This page describes the design of the link for sending data from Grouper to the ESB (Grouper->ESB). The design for the reverse data flow (ESB->Grouper) will follow the successful prototyping of the Grouper->ESB link.

Existing infrastructure

Class to which notifications are sent must extend abstract class edu.internet2.middleware.grouper.changeLog.ChangeLogConsumerBase

Notification is executed by a quartz job. This job is of type which hooks the configured ChangeLogConsumer into the CHANGE_LOG job type execution.

The quartz job is scheduled in (which has a public static void main method for starting Grouper as a daemon process).

Proposed design of EBS notifications

ESB notfications (Grouper -> ESB) will be implemented as a ChangeLogEsbConsumer class extending ChangeLogConsumer in package edu.internet2.middleware.grouper.changeLog.esb, configured in

The class will package each notification in JSON format. It will send it to a class which will extend an abstract class ChangeLogEsbPublisherBase, and be hooked in through configuration in (or if things look like getting verbose). The class which extents ChangeLogEsbPublisherBase will implement all the logic to send the notification to an ESB. Initially HTTP(S) will be supported using the Apache Commons HTTP client, but it will be easy to add another class with a different communications protocol. The class can send the notfication in JSON format, or convert it to another format (such as XML). All required parameters will be loaded from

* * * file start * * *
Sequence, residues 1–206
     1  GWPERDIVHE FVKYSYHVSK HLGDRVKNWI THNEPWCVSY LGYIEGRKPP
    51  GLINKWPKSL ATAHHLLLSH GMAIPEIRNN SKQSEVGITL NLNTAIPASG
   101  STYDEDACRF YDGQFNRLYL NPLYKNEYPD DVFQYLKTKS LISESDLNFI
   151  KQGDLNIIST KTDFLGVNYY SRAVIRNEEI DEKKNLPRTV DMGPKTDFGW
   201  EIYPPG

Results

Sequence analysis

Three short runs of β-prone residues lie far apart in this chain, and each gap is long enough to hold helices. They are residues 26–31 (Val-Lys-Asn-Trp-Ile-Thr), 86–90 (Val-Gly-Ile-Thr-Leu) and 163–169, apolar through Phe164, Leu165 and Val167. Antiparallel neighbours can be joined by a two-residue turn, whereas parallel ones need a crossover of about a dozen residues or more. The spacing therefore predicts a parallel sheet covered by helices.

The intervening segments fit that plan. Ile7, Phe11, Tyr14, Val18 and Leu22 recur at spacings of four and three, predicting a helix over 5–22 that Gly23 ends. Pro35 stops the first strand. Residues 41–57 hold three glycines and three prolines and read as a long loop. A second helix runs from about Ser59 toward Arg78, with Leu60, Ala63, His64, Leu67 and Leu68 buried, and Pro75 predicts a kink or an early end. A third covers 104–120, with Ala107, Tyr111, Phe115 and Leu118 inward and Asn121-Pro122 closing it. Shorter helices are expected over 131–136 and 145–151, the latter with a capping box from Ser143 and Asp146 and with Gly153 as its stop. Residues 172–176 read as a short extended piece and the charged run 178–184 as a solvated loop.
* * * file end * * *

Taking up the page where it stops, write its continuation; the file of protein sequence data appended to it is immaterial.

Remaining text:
A simple bean has been added with a common format for packaging events from grouper. Values available with events are resolved to meaningful names, which are then added to properties in the bean This is converted to JSON using libraries already included in the Grouper binary distribution

Events can be filtered in the consumer using EL on the bean.

Outstanding questions

Prototype performance

A prototype with this design has been tested using the following setup:

A realistic task of syncing membership adds to the LDAP directory through the ESB was set up. Events are raised by Grouper and sent as JSON over HTTP to the ESB. The ESB resolves the name of the subject to the full LDAP dn of the associated object in LDAP with a search, and adds an attribute value to the object in the directory.

With this setup, running 1500 membership adds performance was 19 operations/second. For membership removals, performance was faster at 25 operations/second (which is probably accounted for by the LDAP directory). This is fast enough for me.

Laptop specs:

dual coreprocessor, model name : Intel(R) Core(TM) i3 CPU M 330 @ 2.13GHz
MemTotal: 2820264 kB
OS: Linux 2.6.33
Postgres: 8.4
Mule: 2.2.1